|Aetna (CVS)||55 counties in 22 states||2,243||1.1%|
|Clover Health||32 counties in 5 states||1,857||16.2%|
|Bright Health||6 counties in 3 states||268||28.1%|
|Devoted Health||26 counties in 4 states||4,703||28.7%|
|Oscar Health||1 county in 1 state||237||13.0%|
While it may not be an impressive statistic on its own, looking toward the future, we can see how plans with experience in growing geographically have scaled net-new markets over time. We profiled four select plans, two large national and two venture-backed plans, to understand how their net-new markets have performed over the same analysis period.
Enrollment Growth for Net-New Markets for Select Plans by Year of Entry
The experience that these select plans have had in scaling membership in new markets illustrates the broad successes in expanding market apertures and has contributed meaningfully to their ability to scale up at a national level. United has successfully doubled or tripled its membership annually in the years following new market entry. Other plans, both national and venture-backed, show similar aptitudes in the years following market entry. Given the plans’ successes this year in expanding new market enrollment so meaningfully, we anticipate their enrollment gains in the next few years to persist and further compound.
The past few years have seen accelerated interest from private capital in the health plan space. Oscar was the pioneer disruptor, originally focused on the individual and family plan (IFP) market, but has since been joined by a cadre of other venture- or private-equity-backed plans seeking to disrupt the established players in the healthcare financing space in Medicare Advantage. To be sure, the cohort is small, but it is growing quickly and gaining traction in key markets. Today, venture-backed plans make up only 0.9 percent of total enrollment, up from 0.4 percent just three years prior. In 2021 we saw three new venture-backed plans: Troy, Zing, and Clever Care, up from two new entrants in 2020: Longevity and Welbe.
Venture-Backed Medicare Advantage Plans
|Friday Health Plans||642||650||563||-6%|
|Clever Care Health Plan||270||N/A|
Particularly noteworthy is Devoted Health’s organic growth in Medicare Advantage. Despite entering the market in 2019, the plan has grown to 31,000 lives in the current plan year, doubling in size over last year. By contrast, Oscar Health, with considerable direct-to-consumer sales and health system partnership experience in the exchanges, is not seeing the same trajectory. After positioning its Medicare Advantage book in three large states (Florida, Texas, and New York), Oscar Health has just has 3,200 enrollees in Medicare Advantage products.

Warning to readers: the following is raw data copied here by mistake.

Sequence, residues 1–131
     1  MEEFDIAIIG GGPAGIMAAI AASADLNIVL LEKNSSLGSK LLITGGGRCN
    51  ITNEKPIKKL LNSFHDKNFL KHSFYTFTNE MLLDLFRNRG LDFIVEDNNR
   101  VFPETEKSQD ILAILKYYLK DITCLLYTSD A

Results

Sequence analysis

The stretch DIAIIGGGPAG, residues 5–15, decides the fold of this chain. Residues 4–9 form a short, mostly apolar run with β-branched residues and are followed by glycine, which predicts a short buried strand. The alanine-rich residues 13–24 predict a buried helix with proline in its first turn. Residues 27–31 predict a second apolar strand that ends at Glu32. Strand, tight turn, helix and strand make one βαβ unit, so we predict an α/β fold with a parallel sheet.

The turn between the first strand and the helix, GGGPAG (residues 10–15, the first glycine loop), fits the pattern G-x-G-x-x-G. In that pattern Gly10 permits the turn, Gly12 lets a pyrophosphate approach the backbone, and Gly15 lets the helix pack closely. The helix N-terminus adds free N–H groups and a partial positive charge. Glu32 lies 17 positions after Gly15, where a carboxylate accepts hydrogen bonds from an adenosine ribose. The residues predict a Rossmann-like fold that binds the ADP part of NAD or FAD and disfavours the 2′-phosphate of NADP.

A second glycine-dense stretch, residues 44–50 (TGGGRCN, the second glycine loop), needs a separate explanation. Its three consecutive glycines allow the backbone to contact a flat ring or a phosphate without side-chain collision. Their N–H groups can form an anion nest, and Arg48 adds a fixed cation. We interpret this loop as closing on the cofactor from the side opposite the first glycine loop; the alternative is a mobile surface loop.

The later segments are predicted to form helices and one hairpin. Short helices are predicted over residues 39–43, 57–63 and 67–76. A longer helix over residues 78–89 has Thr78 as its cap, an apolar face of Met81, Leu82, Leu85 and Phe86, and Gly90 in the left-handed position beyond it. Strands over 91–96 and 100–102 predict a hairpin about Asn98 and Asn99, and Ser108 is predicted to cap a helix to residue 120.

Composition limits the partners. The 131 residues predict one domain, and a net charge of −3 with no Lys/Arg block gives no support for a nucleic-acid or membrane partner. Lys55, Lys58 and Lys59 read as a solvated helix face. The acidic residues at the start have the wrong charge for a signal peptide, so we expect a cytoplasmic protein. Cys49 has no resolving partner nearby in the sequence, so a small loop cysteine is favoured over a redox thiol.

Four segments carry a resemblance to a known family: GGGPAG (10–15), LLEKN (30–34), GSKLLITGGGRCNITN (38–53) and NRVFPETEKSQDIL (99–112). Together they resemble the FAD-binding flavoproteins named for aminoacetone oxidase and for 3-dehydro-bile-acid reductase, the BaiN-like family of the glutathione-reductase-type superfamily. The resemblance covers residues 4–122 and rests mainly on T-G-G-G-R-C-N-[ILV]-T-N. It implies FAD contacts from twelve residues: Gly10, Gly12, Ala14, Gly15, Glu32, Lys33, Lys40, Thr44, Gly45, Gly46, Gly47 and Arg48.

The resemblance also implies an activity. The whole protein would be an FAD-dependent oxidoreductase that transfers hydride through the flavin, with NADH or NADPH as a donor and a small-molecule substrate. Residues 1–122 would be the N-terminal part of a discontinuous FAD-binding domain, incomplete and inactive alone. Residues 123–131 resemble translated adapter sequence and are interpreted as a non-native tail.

With these entries into the market has come interesting merger and acquisition activity. Clover Health in the third quarter of 2020 announced a merger with a blank-check company that valued their 57,000 Medicare Advantage lives (at announcement) at nearly $3.7 billion. In the second quarter of 2020, Bright Health acquired Universal Care. This brought their approximately 5,000 Medicare Advantage lives up to 48,000. This year, the merged company has grown to 62,000 at a combined annual growth rate of +28 percent per year. Finally, Oscar Health’s long-anticipated IPO expected in the first quarter of 2021 values the firm at $6.3 billion to $6.9 billion, up from $3.2 billion in a private fundraising round three years earlier.
The 2021 plan year marked a noticeable acceleration of prior years’ trends. Medicare Advantage enrollment growth accelerated at the expense of Original Medicare; for-profit plan growth continues to rapidly erode Blue and non-profit market positions; and nationwide growth activities, both geographic reach and startup plans, continue to shift the competitive landscape. Accordingly, the following market trends are essential to healthcare organizations and payors’ planning activities:
Medicare Advantage is leading a perceptible transformation in the healthcare industry, shifting the competitive and financial dynamics for health plans and provider organizations alike. As these trends continue to play out, successfully serving this consumer segment is a strategic imperative for all organizations (health plans, health systems, financial sponsors, technology companies, and health services organizations). The next decade of healthcare will be led by organizations that succeed in doing so.
Medicare Advantage enrollment, plan, and pricing data from CMS, January 2018–January 2021. Medicare FFS enrollment data from CMS, January 2018–January 2021. Includes all Medicare Part C Plans, including Regional PPO and Medicare Cost; limited to 50 states, and DC. Plans categorized as for-profits, Blues, and non-profit based on Chartis analysis. For market-level analyses, any counties not part of a CBSA (defined by the U.S. Office of Management and Budget) or that had less than 11 Medicare FFS enrollees were excluded.
1 Blues plans referenced include only those that are non-profit. Anthem and subsidiary plans are classified as for-profit. Non-profit plans referenced exclude non-profit Blue-branded plans and subsidiaries.